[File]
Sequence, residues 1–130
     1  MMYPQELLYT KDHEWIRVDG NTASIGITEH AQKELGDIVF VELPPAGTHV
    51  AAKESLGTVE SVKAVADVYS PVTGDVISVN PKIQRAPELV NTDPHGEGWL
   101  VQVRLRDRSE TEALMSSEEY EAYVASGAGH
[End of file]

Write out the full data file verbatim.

Sequence, residues 1–130
     1  MMYPQELLYT KDHEWIRVDG NTASIGITEH AQKELGDIVF VELPPAGTHV
    51  AAKESLGTVE SVKAVADVYS PVTGDVISVN PKIQRAPELV NTDPHGEGWL
   101  VQVRLRDRSE TEALMSSEEY EAYVASGAGH